If that is a partner, even better. I think that helps basically the whole flywheel ecosystem work better because that allows them as an agency to look great . So making them engaged and motivated to be talking about your app or solution is really, really, really important. If they’re not excited about it, then why would they introduce it?
You know, I think at the end of the day the commercial kickback commission is nice, but it’s not the motivating factor. The motivating factor for the majority of the channel partners tends to be, “Hey, we can serve our clients better. We can have more billable hours, have a higher retainer, because we’re not only doing service A, but we’re now doing service B, because we introduced the solution for service B.” That helps them to extend their service portfolio, and, by having the best market tools available to them, that’s what’s motivating them.
Ali Spiric: Yeah, that makes sense. I think that’s sort of where we’re getting back to where it’s like, how do you make partners excited? I don’t know if that’s a trackable KPI yet, but it would be great if it was.
Shane Forster: I’ll be all for it. I’ll be all for that. Happy to have been trying to brainstorm ways to do that, but I haven’t found a company that can do that yet.
Ali Spiric: That’d be groundbreaking if we could. Talking about metrics, what are the metrics that you track at REVIEWS.Io and why are those the metrics that you track?
Shane Forster: For us it essentially comes down to number leads or generated conversations and ultimately the revenue that comes out of it.
MRR is the primary goal. But you need to look at it from both starting conversations and then closing. Right.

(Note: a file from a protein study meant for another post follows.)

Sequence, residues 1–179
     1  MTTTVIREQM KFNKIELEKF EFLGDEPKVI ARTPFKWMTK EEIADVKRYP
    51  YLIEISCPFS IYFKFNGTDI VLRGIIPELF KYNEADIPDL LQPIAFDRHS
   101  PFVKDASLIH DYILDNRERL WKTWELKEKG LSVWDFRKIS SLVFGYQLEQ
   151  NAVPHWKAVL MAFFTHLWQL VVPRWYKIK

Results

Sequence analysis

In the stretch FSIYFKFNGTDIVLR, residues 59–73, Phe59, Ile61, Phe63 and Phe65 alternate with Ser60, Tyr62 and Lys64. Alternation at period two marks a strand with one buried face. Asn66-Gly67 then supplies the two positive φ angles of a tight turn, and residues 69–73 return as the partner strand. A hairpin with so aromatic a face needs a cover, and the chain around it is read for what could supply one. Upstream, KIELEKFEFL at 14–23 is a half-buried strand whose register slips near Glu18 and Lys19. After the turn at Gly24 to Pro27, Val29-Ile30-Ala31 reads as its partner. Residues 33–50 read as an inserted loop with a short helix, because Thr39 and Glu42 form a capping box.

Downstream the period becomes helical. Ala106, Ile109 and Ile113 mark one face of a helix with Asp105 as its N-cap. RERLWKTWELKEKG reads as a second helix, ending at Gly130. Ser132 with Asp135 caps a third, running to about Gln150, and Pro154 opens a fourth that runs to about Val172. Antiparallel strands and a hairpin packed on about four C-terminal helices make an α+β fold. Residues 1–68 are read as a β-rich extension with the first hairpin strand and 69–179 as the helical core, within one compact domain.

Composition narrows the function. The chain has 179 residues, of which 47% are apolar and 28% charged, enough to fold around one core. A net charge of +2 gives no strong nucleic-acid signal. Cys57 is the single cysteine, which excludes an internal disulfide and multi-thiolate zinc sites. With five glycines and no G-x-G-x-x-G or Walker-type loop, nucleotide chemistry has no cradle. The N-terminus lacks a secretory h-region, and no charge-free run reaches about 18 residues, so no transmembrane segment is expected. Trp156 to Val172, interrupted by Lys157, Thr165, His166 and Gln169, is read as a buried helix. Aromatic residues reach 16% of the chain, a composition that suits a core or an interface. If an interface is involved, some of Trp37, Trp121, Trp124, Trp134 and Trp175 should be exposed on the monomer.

You’ll tend to have that spectrum of your lower quantity but higher quality or lower quality and higher quantity. There’s nothing wrong with either of them, right? Sometimes you need the volume game, sometimes you need the quality game.
And it’s very hard to talk to a channel partner who is naturally geared towards quantity to really talk to them about quality, as that’s not really their business model. That’s not really what they do.
That’s not their business. So for us, it is can they introduce the lead quantity?
But both are important. Or, pay the bills and then you have your sort of soft secondary KPIs behind it.
Ali Spiric: That’s interesting. So you mentioned partners that are quantity partners and then partners that are quality partners. Let’s take like 100 steps back. What does your partner program look like?
What kind of partners do you work with?
Shane Forster: Yeah, sure. Reviews.io, we work with reviews primarily in the e commerce sector. So we’re working with about 9, 000 retailers on a global basis. For us our bread and butter kind of partners are web development agencies, PPC agencies, more and more we’re kind of seeing, you know, CRO agencies coming into the mix too.